Why Guinea’s Runoff Continues to be Delayed
After decades of dictatorship and military rule, Guinea is on the verge of becoming a true democracy. The last remaining hurdles on its path to legitimate elections are corrections that must be made to the electoral system before the presidential runoff.
Elizabeth Cote, IFES chief of party in Guinea, has observed the country’s democratic development over the past 10 years. In this interview, she gives us a glimpse into the state of Guinea at the moment and where the election management bodies currently stand.
IFES: The date for the runoff keeps changing. What is going on?
EC: According to the electoral code, the runoff was supposed to take place two weeks after the official results of the election were issued. The official results were announced on July 22. But the runoff has been delayed since then because of the need to make extensive readjustment and improvements to the election system.
IFES: Legally speaking, is there anything in Guinea’s Constitution or Electoral Code that demands the runoff take place before a certain date?
EC: Not really. As I have already said, the law says a runoff has to take place two weeks after the official results are announced, but that’s the only specification the law makes. Keep in mind that we are working with a very fuzzy legal framework for this election. There is a revised electoral code with several incoherencies , another revised code that is not official as it has not been published in the official gazette. The same is the case with the Constitution. It has been revised and It is still unclear whether the published version is the correct one. Guineans are working with what they have and around what they don’t have.
IFES: What changes are being made to the elections process?
EC: There were 24 points identified by the two winning candidates and an inter-institutional ad hoc commission that needed to be fixed before the second round of the election. Most of them relate to polling station delimitation, results transmission and tabulation and the training of poll workers. During the first round, the polling station delimitation was done virtually using computerized data. It turned out that some people had to walk 35-45 kilometers to be able to vote. This problem has now been fixed, but it took far longer than expected as election officials and candidate representatives had to travel throughout the country and reach a consensus on each and every case. This is good news for Guinea’s democratic development, but it does result in some delays. Also, there have been a number of unfortunate incidents such as the fire that broke out in the election commission’s warehouse and political campaign violence which led to the suspension by the PM of public campaign events.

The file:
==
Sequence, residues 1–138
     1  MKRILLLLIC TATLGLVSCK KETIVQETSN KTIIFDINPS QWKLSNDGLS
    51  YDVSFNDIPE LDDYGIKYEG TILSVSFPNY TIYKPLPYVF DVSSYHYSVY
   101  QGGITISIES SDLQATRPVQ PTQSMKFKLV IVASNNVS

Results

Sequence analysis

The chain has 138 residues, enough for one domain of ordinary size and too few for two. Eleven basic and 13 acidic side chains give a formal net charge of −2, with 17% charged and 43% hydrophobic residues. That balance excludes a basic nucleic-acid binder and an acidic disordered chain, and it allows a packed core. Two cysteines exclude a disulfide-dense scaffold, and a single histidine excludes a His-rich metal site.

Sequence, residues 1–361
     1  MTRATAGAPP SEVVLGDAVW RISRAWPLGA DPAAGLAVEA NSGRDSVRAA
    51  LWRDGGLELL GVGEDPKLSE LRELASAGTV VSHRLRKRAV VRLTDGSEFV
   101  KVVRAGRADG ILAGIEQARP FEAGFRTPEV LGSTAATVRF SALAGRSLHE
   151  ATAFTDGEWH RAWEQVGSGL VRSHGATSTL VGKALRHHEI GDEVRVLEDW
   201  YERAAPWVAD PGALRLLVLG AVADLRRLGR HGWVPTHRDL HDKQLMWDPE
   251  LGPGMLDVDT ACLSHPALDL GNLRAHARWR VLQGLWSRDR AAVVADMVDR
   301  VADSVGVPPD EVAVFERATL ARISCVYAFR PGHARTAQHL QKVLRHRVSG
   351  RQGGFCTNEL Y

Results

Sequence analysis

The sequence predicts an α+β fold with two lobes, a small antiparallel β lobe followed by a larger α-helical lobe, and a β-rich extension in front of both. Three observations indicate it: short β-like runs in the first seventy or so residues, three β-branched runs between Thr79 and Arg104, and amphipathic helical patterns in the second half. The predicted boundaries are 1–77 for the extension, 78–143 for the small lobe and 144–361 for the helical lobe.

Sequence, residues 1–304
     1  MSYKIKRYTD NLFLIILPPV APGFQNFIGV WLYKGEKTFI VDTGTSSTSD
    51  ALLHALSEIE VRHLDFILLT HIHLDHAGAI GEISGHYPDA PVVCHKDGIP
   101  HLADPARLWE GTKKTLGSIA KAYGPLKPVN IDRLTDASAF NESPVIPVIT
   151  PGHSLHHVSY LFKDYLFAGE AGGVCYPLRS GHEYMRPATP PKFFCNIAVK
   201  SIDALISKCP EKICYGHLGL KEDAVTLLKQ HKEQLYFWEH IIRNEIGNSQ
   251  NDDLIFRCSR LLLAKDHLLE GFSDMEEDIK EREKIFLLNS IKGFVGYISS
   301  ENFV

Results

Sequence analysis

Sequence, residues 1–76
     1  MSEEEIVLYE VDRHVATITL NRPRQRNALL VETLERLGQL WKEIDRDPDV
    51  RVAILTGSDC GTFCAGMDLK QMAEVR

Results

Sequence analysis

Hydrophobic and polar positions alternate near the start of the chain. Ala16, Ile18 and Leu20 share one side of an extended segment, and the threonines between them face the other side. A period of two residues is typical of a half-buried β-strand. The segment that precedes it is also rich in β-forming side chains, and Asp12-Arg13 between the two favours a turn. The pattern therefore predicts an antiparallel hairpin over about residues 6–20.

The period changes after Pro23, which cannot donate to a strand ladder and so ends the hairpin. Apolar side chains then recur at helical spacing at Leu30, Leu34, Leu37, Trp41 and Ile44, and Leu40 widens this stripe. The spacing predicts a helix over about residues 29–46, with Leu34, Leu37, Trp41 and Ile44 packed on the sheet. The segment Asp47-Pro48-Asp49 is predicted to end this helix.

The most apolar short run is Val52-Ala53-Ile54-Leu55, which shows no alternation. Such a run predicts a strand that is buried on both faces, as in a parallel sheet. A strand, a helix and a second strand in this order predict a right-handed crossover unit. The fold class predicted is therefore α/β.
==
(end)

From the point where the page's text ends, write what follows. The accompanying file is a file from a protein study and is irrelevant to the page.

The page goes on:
IFES: What else has caused the delays?
EC: Another issue that hasn’t helped has been the ongoing leadership crisis within the CENI. Following months of illness, former president Ben Sékou Sylla passed away last week leaving an EMB divided to the core. It has a hard time holding plenary sessions during which important decisions need to be signed off. His newly elected successor's legitimacy is already being contested as being partisan for one of the candidates.
IFES: Where do things stand now?
EC: Electoral materials are currently being delivered and although roads are very bad at this time of year, everything should arrive on time. The lists of polling stations will be posted for a number of days so citizens know where they can vote and remaining voter cards distributed. Everything is ready for the training by IFES of the 50,000 poll workers and members of the results centralization commissions scheduled for the week prior to the runoff.
IFES: Any worries?
EC: Increased polarization within the Guinean society is worrisome. There are numerous reports of ethnic disputes across the board and everyone agrees that this is the first time in Guinea’s history that the Nation is so deeply divided. Both sides are 100% certain their candidate will win. The challenge is to make sure there are the least possible causes for post electoral disputes so that by the end of the day Guineans will accept the winner and rally behind him to build a new prosperous and democratic Guinea.
IFES: With every headline of another delay in the runoff, the question of whether Guinea is sliding back comes up. What are your thoughts on this matter?
EC: Fortunately, the Head of the transition interim President Sékouba Konaté has a handle on things. He made it clear during his most recent meeting with all the stakeholders that once the new date is announced he will not accept another delay. He reiterated that the army is now ready to serve a new democratic rule, if the civilians are able to hold their end of the bargain. In the long term, Guinea is not at all sliding back. All of this is a process.
You also have to keep in mind that we are arriving at the end of an era and witnessing the beginning of a new one. And I don’t mean just the most recent military era, I mean since independence. There hasn’t been a real election in Guinea since then. It makes sense that getting it right is taking a little more time. And of course this change cannot occur without resistance by those who have a lot to lose with the introduction of rule of law.
IFES: Thank you, Elizabeth.